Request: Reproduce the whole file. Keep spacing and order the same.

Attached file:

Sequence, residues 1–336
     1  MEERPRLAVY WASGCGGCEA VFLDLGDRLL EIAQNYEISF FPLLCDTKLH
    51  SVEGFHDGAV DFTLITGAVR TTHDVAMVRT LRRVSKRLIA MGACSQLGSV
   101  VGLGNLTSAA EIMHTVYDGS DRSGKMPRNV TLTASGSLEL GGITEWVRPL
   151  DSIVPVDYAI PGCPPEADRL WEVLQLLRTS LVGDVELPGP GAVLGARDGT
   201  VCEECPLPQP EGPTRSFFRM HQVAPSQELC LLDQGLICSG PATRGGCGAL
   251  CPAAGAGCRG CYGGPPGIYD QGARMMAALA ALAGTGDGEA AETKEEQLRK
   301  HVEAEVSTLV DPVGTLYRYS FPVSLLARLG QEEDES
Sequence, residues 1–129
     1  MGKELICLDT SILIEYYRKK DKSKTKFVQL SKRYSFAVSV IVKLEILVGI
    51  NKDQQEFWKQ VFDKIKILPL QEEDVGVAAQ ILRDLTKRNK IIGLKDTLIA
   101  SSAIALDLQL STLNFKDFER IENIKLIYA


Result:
Sequence, residues 1–336
     1  MEERPRLAVY WASGCGGCEA VFLDLGDRLL EIAQNYEISF FPLLCDTKLH
    51  SVEGFHDGAV DFTLITGAVR TTHDVAMVRT LRRVSKRLIA MGACSQLGSV
   101  VGLGNLTSAA EIMHTVYDGS DRSGKMPRNV TLTASGSLEL GGITEWVRPL
   151  DSIVPVDYAI PGCPPEADRL WEVLQLLRTS LVGDVELPGP GAVLGARDGT
   201  VCEECPLPQP EGPTRSFFRM HQVAPSQELC LLDQGLICSG PATRGGCGAL
   251  CPAAGAGCRG CYGGPPGIYD QGARMMAALA ALAGTGDGEA AETKEEQLRK
   301  HVEAEVSTLV DPVGTLYRYS FPVSLLARLG QEEDES
Sequence, residues 1–129
     1  MGKELICLDT SILIEYYRKK DKSKTKFVQL SKRYSFAVSV IVKLEILVGI
    51  NKDQQEFWKQ VFDKIKILPL QEEDVGVAAQ ILRDLTKRNK IIGLKDTLIA
   101  SSAIALDLQL STLNFKDFER IENIKLIYA